Declarations: Jordan Tannahill's struggle with grief- Drew Rowsome - MyGayToronto
Declarations: Jordan Tannahill's struggle with grief 26 January 2018
by Drew Rowsome - Photos by Alejandro Santiago
Grief is a sate of being we all share at some point in our lives. While the common parlance is that grief adheres to Dr Elizabeth Kubler-Ross's seven stages, those stages are different for everyone. Instead of progressing logically through the seven stages, most people cycle wildly, often repetitively, through the first six before, if they are lucky, reaching the seventh, the stage of acceptance.
While Declarations doesn't follow or acknowledge any such sort of structure, it dives into each stage before restlessly moving on to another. Bounces from one to another in search of meaning and that state of acceptance. Acceptance or any other emotion that will give some comfort or resolution. Declarations is not theatre - notably the program notes and press materials refer to writer/director Jordan Tannahill (Botticelli in the Fire and Sunday in Sodom, Concord Floral, Late Company, The Magic, Post Eden) as a multi-disciplinary artist - but more performance art, an attempt to process the inexpressible.
Liz Peterson (Flashing Lights) enters the squared off, deliberately distancing, floor space and reads a series of declarations from a teleprompter, all of which being with "This is . . ." The declarations include objects, feelings, visuals, events, states of mind, and a few satirical jabs at contemporary culture. Each declaration is accompanied by a gesture or a short dance move. Some are illustrative, some are literal, some tangential, some satirical, and some inexplicable but fraught with meaning. For those who have read the program notes or Tannahill's novel Liminal, there is a thread, but a search for meaning or connections between the phrases is hard to decipher. Some of the phrases link, usually in groups of three, but that appears to be as random an occurrence as the other declarations.
By surrendering to the words as concrete poetry, it washed over me with phrases and ideas creating associations or emotions, some powerful and some mundane. Peterson is joined by the statuesque and magnetic Jennifer Dahl, and they work in tandem, against each other, in unison or alone. The words and gestures build in energy but not in coherence. Philip Nozuka (Banana Boys) and Danielle Baskerville join in and the duet/not-duet becomes a quartet. Again it builds. Builds to a self-referential and welcome comic effect before Robert Abuto, prone to violent falls, joins in. The quintet becomes dissonant as they talk over each other, interact, compete, remain self-absorbed and occasionally function as a chorus.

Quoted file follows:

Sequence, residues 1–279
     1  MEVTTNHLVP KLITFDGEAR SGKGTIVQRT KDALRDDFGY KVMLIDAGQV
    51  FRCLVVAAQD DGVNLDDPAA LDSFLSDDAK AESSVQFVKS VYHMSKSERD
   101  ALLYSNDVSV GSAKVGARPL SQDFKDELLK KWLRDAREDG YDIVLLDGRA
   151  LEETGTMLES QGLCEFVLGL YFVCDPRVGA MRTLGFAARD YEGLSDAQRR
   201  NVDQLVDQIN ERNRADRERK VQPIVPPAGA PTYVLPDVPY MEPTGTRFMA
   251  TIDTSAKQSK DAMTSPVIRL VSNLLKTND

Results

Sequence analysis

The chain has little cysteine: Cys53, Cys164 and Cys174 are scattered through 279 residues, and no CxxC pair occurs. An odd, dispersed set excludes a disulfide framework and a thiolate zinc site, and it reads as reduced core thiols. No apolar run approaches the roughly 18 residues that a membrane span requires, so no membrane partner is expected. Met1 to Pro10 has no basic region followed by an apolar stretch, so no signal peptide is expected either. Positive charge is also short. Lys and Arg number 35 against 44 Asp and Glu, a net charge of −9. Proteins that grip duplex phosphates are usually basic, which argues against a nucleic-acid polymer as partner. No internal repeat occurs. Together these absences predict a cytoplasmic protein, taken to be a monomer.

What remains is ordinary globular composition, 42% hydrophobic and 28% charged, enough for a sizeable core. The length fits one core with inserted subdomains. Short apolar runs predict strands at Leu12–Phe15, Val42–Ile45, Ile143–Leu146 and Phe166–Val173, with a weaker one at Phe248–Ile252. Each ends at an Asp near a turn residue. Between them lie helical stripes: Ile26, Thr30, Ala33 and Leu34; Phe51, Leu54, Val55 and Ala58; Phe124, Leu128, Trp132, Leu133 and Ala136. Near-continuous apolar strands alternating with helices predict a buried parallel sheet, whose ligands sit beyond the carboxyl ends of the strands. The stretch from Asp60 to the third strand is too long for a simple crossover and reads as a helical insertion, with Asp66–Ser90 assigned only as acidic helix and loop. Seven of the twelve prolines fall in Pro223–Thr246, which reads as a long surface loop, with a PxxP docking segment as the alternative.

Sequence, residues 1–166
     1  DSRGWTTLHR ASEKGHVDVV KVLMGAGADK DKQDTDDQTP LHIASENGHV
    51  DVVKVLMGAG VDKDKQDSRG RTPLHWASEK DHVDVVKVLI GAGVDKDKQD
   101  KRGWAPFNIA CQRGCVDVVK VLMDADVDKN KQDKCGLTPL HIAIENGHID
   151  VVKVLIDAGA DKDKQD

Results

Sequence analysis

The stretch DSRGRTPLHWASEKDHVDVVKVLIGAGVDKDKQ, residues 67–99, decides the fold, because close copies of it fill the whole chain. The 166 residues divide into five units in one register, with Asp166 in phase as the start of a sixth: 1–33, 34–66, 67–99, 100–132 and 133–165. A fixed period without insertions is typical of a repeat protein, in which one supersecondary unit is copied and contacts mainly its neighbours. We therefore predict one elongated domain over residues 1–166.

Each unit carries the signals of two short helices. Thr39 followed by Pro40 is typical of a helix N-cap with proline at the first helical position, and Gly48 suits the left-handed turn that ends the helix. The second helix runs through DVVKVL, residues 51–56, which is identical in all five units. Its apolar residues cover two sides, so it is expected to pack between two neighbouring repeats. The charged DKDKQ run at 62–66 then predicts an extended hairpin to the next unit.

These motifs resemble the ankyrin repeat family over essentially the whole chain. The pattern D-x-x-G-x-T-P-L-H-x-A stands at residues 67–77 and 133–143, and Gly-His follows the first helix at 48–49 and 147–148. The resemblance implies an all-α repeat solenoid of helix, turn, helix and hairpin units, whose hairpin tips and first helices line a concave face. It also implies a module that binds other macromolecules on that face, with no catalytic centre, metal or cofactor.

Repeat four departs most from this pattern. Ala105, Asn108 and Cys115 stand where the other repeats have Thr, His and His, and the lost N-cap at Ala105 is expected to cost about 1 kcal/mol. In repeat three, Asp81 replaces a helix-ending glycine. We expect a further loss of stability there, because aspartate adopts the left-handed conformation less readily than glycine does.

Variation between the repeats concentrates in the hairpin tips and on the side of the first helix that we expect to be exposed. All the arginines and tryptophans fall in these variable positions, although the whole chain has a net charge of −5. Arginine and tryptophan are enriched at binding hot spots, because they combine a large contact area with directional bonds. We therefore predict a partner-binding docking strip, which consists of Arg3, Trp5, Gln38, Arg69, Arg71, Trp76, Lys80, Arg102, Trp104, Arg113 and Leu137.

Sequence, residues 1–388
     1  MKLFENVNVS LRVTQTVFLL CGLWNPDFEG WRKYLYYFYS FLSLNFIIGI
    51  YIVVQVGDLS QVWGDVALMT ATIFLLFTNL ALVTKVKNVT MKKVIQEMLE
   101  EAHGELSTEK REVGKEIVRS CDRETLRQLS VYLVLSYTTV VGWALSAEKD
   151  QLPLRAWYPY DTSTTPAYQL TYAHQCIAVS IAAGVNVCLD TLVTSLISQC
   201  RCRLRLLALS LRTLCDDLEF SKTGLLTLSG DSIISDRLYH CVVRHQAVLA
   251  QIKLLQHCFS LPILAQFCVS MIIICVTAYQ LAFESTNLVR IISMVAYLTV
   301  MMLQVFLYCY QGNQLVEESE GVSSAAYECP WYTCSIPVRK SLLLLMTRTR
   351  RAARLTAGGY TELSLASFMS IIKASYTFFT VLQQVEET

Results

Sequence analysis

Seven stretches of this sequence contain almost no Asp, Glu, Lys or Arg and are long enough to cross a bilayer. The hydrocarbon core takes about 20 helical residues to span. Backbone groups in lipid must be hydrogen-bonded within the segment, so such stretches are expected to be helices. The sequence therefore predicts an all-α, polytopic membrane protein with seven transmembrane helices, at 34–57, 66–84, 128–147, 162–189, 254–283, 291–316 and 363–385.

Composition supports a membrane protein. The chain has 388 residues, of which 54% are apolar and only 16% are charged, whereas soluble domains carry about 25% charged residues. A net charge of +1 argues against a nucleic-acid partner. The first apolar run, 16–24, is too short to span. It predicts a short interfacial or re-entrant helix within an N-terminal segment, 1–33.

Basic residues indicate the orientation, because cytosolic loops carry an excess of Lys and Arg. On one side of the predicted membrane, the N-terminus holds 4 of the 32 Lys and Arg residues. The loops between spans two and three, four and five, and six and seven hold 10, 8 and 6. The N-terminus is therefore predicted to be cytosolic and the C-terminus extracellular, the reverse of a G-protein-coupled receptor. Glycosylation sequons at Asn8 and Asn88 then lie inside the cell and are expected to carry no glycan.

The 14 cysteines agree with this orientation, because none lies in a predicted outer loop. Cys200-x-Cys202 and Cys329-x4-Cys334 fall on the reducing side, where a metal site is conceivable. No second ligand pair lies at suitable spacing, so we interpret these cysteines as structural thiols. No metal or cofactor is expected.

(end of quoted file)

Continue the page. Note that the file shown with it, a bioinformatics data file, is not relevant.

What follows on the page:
The declarations become longer and more elusive and intriguing. "This is Sylvia Plath's oven." "This is a customer representative." "This is my best side." "This is a box of elephant tusks." "This is a fetish." There is a pure movement interlude, a sung counterpoint driving home that this might be a piece of music, and a final short monologue from Peterson that attempts to tie everything together. My expectations and need for catharsis was not met, but that may have been the point: we have been inside Tannahill's mind as he struggles - by confronting, by distracting, by pondering, by raging, by avoiding - with his emotions surrounding his mother's fatal cancer diagnosis. And there is no catharsis or explanation, there is just grief and the necessity of continuing on.
As an experiment in plumbing a state of mind, Declarations is successful on its own terms, but as a piece of theatre it feels like a creation still struggling to find its form. Which, as performance art or a musical piece, makes it a complete success: the presented object and process being the art, a shortcut to the emotions. As theatre it defies expectations, which can be exhilarating or frustrating, reactions that were in abundance throughout the restless theatre. As the gestures are improvised (within limits I suspect) each night will be different and the dedicated and emotionally communicative performers can only grow in their roles and connection, the Declarations that the next audience sees will be quite different. And when Tannahill, or another director, remounts Declarations, it may open up into an experience more inclusive and less self-absorbed intellectual. There is a clever, heartfelt statement and emotional cry buried in Declarations and that I can't wait to see.
Declarations continues until Sun, Feb 11 at Berkeley Street Theatre, 26 Berkeley St. canadianstage.com